Identification of positive family history for PC in first-degree relatives only in 0.84% of our patients is in line with the past studies indicating known susceptibility genes to be involved in only approximately 10% of cases. In India, vasectomy is a common method of family planning. Thus, marginal decreases in the odds were found for vasectomy in our study; the association was not statistically significant. The mean PSA level was 37.70 ng/mL in the entire group. However, most patients had a PSA level ≥20 ng/mL in our study. Histopathological and CT/MRI reports revealed that most of the patients (64.4%) were diagnosed with Stage-III and Stage-IV.[8] We found significant positive correlation between serum PSA level and Gleason score in accordance with the findings of the studies done in European continent and Middle East countries.[9] Most of the patients had Gleason score of ≥8 (88.7%) in our study while 8.3% had Gleason's score 7 and 3.0% had Gleason score of 6 or less while it was reported as seven in Asian subcontinents.[10] The spectrum of cancer epidemiology seen in India is different than that seen in any developed country. Thus, the analyzed data suggest that there is a lesser incidence of PC in some areas of North Karnataka or as is more likely; there is under-ascertainment of cases. However, we feel that this case series of PC data also gives a different standpoint for accumulated knowledge of the information on PC which may have significant epidemiological and statistical value for future studies.


 » Conclusions Top


We may conclude that PC remains an important public health concern in India with continual increase in the incidence and significant burden on health-care resources. Further studies are needed to better understanding of the etiology and prevention aspects of the PC. The facts behind these results emphasize the need for elaborate and precise molecular and genetic studies of the population.

Acknowledgement

The authors wish to thank the authorities of Department of Urology, KLE Kidney Foundation and Department of Medical Records and Biostatistics, KLES Dr. Prabhakar Kore Hospital and MRC, Belagavi, for providing the facilities and access to the clinical data. The authors appreciate the support of eminent urology consultants Dr. S. I. Neeli, Dr. Vikram Prabha, Dr. Shishir Devaraju, Dr. Shivagouda Patil, Dr. Amey Pathade, Dr. Nitin Pingale, Dr. Vikas Sharma, Dr. Ranjeet Patil, Dr. Abhijeet Musale, Dr. Shankar K, Mr. Neeraj Dixit, Mr. Ravi Shankeshwar, and Dr. S B. Javali, in the presentation and analysis of data.

Financial support and sponsorship

Nil.

Conflicts of interest

There are no conflicts of interest.

 
 » References Top

1.
Jain S, Saxena S, Kumar A. Epidemiology of prostate cancer in India. Meta Gene 2014;2:596-605.  Back to cited text no. 1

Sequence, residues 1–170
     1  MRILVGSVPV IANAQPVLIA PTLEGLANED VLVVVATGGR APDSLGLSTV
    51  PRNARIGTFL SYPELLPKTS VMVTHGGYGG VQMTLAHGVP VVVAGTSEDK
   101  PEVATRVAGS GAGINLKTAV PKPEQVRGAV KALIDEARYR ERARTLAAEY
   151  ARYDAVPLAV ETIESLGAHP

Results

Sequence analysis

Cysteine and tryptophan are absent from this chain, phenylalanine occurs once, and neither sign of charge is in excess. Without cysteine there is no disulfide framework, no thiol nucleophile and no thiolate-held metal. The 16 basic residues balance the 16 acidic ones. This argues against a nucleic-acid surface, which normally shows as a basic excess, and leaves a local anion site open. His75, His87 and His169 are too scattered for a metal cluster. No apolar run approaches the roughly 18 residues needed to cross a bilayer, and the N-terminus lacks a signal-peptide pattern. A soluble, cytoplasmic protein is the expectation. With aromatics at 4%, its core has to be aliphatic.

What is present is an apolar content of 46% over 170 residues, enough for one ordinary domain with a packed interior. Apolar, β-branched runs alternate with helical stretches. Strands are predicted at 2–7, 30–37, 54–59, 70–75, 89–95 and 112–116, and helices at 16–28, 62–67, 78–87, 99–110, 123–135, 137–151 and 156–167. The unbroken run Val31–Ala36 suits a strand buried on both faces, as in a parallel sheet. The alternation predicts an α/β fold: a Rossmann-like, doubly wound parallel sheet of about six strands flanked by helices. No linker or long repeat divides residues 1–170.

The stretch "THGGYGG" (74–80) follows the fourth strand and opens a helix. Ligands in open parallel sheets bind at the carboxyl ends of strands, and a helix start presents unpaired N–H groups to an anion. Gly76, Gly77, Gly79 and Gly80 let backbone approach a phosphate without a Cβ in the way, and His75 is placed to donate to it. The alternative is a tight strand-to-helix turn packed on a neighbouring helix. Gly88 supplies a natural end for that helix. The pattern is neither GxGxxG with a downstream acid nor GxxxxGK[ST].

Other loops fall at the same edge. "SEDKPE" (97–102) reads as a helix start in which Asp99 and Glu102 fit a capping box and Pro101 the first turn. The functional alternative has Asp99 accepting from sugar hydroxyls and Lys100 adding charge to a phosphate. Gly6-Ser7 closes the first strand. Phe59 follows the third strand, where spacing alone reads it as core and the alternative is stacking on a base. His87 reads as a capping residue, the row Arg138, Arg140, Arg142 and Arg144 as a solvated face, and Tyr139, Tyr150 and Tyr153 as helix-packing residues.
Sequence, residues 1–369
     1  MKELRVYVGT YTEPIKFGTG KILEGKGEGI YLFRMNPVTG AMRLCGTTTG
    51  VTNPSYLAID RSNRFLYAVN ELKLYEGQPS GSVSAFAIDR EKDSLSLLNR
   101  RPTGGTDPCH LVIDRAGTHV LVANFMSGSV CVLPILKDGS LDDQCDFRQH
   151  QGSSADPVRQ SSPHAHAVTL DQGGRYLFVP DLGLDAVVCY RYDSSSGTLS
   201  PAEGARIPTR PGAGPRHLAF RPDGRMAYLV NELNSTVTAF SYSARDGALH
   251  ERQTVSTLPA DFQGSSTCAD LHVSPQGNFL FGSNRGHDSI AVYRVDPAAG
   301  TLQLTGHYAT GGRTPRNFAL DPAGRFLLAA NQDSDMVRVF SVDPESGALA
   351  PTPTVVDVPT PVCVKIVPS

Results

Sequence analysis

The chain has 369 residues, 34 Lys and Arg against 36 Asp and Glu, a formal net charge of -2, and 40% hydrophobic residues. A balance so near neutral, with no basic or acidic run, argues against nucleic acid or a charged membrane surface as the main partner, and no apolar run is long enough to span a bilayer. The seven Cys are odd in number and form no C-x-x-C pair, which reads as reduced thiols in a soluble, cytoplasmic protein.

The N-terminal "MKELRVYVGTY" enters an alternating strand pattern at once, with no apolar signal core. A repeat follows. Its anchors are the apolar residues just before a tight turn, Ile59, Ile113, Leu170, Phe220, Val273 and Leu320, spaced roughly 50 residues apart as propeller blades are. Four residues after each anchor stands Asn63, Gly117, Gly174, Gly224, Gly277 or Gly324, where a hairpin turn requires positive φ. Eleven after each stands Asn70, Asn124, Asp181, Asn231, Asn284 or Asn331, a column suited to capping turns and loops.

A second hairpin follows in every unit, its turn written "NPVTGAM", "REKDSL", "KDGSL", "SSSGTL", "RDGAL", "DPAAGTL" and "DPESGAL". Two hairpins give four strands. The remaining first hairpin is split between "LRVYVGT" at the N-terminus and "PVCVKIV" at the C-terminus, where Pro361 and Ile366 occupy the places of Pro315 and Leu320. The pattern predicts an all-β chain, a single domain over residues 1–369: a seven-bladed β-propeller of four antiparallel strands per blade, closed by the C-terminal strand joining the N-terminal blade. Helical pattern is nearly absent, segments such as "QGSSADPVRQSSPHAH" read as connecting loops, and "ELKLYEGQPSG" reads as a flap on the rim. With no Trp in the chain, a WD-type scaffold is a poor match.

2.
Hariharan K, Padmanabha V. Demography and disease characteristics of prostate cancer in India. Indian J Urol 2016;32:103-8.  Back to cited text no. 2
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3.
Marså K, Johnsen NF, Bidstrup PE, Johannesen-Henry CT, Friis S. Social inequality and incidence of and survival from male genital cancer in a population-based study in Denmark, 1994-2003. Eur J Cancer 2008;44:2018-29.  Back to cited text no. 3
    
4.
Zorlu F, Zorlu R, Divrik RT, Eser S, Yorukoglu K. Prostate cancer incidence in Turkey: An epidemiological study. Asian Pac J Cancer Prev 2014;15:9125-30.  Back to cited text no. 4
    
5.
Cózar JM, Miñana B, Gómez-Veiga F, Rodríguez-Antolín A, Villavicencio H; Urology Units, Asociación Española de Urología, et al. Prostate cancer incidence and newly diagnosed patient profile in Spain in 2010. BJU Int 2012;110(11 Pt B):E701-6.  Back to cited text no. 5
    
6.
Doolan G, Benke G, Giles G. An update on occupation and prostate cancer. Asian Pac J Cancer Prev 2014;15:501-16.  Back to cited text no. 6
    
7.
Long XJ, Lin S, Sun YN, Zheng ZF. Diabetes mellitus and prostate cancer risk in Asian countries: A meta-analysis. Asian Pac J Cancer Prev 2012;13:4097-100.  Back to cited text no. 7
    
8.
Lilja H, Ulmert D, Vickers AJ. Prostate-specific antigen and prostate cancer: Prediction, detection and monitoring. Nat Rev Cancer 2008;8:268-78.  Back to cited text no. 8
    
9.
Albasri A, El-Siddig A, Hussainy A, Mahrous M, Alhosaini AA, Alhujaily A. Histopathologic characterization of prostate diseases in Madinah, Saudi Arabia. Asian Pac J Cancer Prev 2014;15:4175-9.  Back to cited text no. 9
    
10.
Arshad H, Ahmad Z. Overview of benign and malignant prostatic disease in Pakistani patients: A clinical and histopathological perspective. Asian Pac J Cancer Prev 2013;14:3005-10.  Back to cited text no. 10
    


    Figures

  [Figure 1], [Figure 2]
 
 
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  [Table 1]